Ultimately, it is the investor who decides what products to purchase and what services to sign up for when discussing finances and investments with their financial advisor.
That’s the way it should be. Investors decide. But sometimes, if their advisor does not ask the proper questions, investors do not know the full scale of decisions they can make to create the best possible financial future for themselves and their families.
Every year, Spectrem studies the relationship between investors and advisors, asking pointed questions about the investor’s expectations and how well advisors are meeting those expectations. In Advisor Relationships and Changing Advice Requirements, investors are asked what products and services they have discussed with advisors, and which ones have not been discussed.
It is revealing to advisors and investors both to see how many investors today have NOT discussed certain topics with their advisor, even though they want to.
Are you missing out on extending the relationship with your investor simply because you don’t bring up pertinent topics?
Let’s consider estate planning. According to the Spectrem study, among Ultra High Net Worth investors with a net worth between $5 million and $25 million, only 27 percent have discussed estate planning with their primary advisor. Another 30 percent have discussed it with someone else, perhaps the family attorney, while a full 16 percent say they plan to request that advice in the future.
And when, exactly, is the future? Is it next month, a year from now, 10 years from now? It’s up to the advisor to inquire as to when the investor wants to discuss estate planning. If the advisor waits on the question with those investors who have not yet considered their estate and wealth transfer, they could lose out to the family attorney who does ask the question.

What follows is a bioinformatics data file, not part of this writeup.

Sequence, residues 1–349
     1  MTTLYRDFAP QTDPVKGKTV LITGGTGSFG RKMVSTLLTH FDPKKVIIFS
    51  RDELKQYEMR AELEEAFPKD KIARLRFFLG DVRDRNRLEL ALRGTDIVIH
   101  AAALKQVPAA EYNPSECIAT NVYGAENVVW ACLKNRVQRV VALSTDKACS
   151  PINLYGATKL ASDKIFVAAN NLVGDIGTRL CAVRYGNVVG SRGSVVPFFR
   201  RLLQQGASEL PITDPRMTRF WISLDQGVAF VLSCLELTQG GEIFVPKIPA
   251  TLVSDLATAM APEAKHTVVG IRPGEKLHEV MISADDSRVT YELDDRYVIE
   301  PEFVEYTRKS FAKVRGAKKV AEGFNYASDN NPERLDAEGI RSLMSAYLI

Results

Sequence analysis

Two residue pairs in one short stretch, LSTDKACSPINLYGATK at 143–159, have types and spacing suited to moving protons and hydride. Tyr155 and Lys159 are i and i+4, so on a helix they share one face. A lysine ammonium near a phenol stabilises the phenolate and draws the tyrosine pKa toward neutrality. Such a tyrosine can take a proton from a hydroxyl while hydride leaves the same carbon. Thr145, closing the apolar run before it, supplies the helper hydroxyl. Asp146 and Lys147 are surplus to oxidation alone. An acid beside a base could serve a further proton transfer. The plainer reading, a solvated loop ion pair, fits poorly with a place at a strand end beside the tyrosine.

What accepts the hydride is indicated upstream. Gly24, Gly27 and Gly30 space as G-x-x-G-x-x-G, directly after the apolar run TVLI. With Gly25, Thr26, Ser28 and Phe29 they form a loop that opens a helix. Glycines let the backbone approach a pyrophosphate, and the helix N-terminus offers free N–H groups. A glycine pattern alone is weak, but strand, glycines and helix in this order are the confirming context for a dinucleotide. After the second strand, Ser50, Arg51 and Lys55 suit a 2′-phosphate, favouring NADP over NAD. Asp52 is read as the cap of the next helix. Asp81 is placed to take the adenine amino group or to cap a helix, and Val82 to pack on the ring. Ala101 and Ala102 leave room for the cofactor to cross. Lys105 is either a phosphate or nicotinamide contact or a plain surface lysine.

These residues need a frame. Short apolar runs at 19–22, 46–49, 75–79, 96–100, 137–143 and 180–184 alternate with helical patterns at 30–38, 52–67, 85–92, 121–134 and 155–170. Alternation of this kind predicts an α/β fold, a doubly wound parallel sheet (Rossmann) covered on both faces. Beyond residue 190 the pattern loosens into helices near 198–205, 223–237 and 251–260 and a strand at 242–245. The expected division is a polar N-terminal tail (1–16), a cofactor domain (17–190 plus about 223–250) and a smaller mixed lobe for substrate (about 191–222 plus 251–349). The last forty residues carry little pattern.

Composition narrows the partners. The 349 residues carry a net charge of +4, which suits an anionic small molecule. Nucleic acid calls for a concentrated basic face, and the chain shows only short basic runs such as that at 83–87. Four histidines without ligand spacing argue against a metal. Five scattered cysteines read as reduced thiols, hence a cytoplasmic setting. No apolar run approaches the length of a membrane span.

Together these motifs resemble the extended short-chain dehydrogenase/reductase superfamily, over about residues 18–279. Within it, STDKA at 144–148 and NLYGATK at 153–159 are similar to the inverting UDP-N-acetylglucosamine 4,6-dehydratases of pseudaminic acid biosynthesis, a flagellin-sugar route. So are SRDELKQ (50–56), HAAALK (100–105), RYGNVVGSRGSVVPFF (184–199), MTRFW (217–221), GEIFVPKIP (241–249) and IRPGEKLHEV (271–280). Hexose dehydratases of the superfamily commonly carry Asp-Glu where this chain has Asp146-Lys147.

Consider the advantages for an investor in having a written financial plan. Among UHNW investors, 51 percent have discussed a written financial plan with their advisor, 10 percent have discussed it with someone else (the family accountants, perhaps). Another 5 percent claim to have plans to discuss a written financial plan in the future.
But, with every one of these questions, there is a large percentage of investors who claim not to need the advice. In the case of the written financial plan, 35 percent indicate they don’t require it.
Is that even possible? Or is it possible the investor did not understand the value or the definition of a written financial plan? What percentage of your clients do not have a written financial plan, and how many of those have you actually discussed the idea with, only to have them say “no, thanks”.
Diversifying assets, implementing tax-advantaged strategies, selecting alternative investments – all of these categories have large percentage of UHNW investors who claim not to need that type of advice. Perhaps they think they don’t need it because they don’t understand it, or they fear that advice will be costly.
Can you argue the point? Can you present a reason your wealthiest investors need to discuss diversification or tax implications or alternative investments? If you can present a viable argument in favor and have not done so, what are you waiting for?
Permission? The investor may not know they have they have the option of acquiring more information that many investors consider useful.
The Spectrem research regarding financial planning and the depth of the investor-advisor relationship should serve as a gentle reminder that investors may not know what they don’t know. They may not understand there is a next level to their advisor’s services.
They do not know what they are missing.